Talk:Front and back ends
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What's the correct spelling? "frontend", "front-end" or "front end"?
- Both sorta work, but I think the really correct spelling is the latter. --Maru 14:07, 9 August 2005 (UTC)
- The correct spelling is "front end". "frontend" is used in software programming. "front end" or "back end" is used often in two tier architecture to separate data collection and data processing. In three tier architecture, front end is client tier, back end is business logic and data tier. --Zhangj10 09:23, 24 February 2007 (UTC)
- "Front-end". It helps disambiguate between, for example, a "front-end system" and a "front end-system". The article should be updated to include hyphenation. PersonalisedBiro (talk) 14:00, 11 March 2014 (UTC)
- "Front end". However, when preceding a noun it follows the hyphenation rules of English grammar: "Front-end web development is fun." "We are developing the front end." --JHP (talk) 04:37, 10 March 2017 (UTC)
I think a schema would be very useful to understand quickly at the first sight what the terms mean. So if anyone can make a graphic file in a SVG format, qu'il le fasse. 16@r 17:34, 21 October 2006 (UTC)
What about supermarkets?
I was shopping and I saw signs at a supermarket about them "switching to a new front-end register (or was it cashier?) system", which was the reason they gave for asking customers to be patient. What's a "front-end system" for supermarkets? 220.127.116.11 (talk) 05:54, 19 April 2009 (UTC) (note: I'm in the USA)
- This is why I don't think this article should even exist. The terms are used so inconsistently in the IT and Business world, its more appropriate for a dictionary than an encyclopedia. I think a lot of this comes from Enterprise Resource Planning (ERP) systems like SAP. The jargon that people use for those systems is "front office" (or front end) vs. "back office" (or back end). The front stuff is the stuff that interacts directly with customers, so POS terminals are a classic example. The back end/office stuff are things like logistics, HR, shop floor control, everything the customer doesn't directly interact with. This is similar to but not the same as the client-server distinction which is what the front/back distinction most commonly refers to. E.g., a POS system can have client and server components but the entire system is often referred to as "front office". Also, it is absolutely NOT true that this distinction can "reduce the need of efficiently designed Database". An efficient DB design is as important as ever. What this distinction can do is to help to ENSURE that a database remains consistent, e.g., the front end can prevent incorrect data (e.g., a phone number missing one digit) from ever making it into the database at all, but its still vitally important that the DB itself is well designed. --MadScientistX11 (talk) 15:37, 26 December 2016 (UTC)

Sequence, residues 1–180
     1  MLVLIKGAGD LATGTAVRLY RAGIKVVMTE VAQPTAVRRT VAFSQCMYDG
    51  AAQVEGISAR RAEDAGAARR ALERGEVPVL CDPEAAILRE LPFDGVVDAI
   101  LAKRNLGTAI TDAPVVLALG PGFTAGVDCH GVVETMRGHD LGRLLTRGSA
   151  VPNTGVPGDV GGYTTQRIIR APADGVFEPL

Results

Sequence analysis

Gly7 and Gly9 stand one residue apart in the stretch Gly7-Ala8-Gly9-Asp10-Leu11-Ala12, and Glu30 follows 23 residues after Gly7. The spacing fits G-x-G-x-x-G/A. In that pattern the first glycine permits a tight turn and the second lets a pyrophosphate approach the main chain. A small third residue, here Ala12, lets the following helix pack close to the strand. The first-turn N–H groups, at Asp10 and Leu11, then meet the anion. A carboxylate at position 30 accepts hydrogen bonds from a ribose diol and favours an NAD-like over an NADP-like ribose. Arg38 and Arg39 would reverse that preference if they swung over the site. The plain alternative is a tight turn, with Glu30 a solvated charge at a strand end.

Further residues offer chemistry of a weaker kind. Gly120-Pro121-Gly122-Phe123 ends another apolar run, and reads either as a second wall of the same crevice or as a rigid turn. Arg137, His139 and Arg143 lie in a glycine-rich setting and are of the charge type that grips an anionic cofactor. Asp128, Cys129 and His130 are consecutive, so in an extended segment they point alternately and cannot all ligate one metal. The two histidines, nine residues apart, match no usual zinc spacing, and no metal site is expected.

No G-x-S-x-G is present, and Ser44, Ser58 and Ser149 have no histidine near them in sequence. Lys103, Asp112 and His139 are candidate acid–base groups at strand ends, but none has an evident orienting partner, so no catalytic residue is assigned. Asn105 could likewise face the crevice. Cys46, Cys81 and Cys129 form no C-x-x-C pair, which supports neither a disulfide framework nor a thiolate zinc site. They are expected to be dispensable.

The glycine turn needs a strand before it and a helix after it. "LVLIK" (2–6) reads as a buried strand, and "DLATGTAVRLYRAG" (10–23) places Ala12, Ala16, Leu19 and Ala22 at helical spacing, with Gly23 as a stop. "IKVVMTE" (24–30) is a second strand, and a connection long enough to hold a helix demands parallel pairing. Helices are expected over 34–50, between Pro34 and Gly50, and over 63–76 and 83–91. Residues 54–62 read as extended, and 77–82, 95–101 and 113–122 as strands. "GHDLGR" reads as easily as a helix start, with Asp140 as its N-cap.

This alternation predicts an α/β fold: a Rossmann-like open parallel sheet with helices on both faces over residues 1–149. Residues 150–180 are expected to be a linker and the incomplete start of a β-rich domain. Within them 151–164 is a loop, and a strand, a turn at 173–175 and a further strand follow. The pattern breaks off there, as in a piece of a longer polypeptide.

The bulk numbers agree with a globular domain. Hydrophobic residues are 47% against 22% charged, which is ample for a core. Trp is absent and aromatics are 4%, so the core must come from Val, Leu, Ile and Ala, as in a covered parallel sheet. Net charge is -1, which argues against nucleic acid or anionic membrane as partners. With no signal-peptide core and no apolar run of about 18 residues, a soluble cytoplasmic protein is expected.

- This isn't the place to ask those kinds of questions. This page is for discussions about editing the article not general questions about the topic. But to my knowledge there is no formal definition of these terms in UML. But if anyone wants more info please post here instead: Wikipedia:Reference_desk/Computing --MadScientistX11 (talk) 14:32, 13 October 2016 (UTC)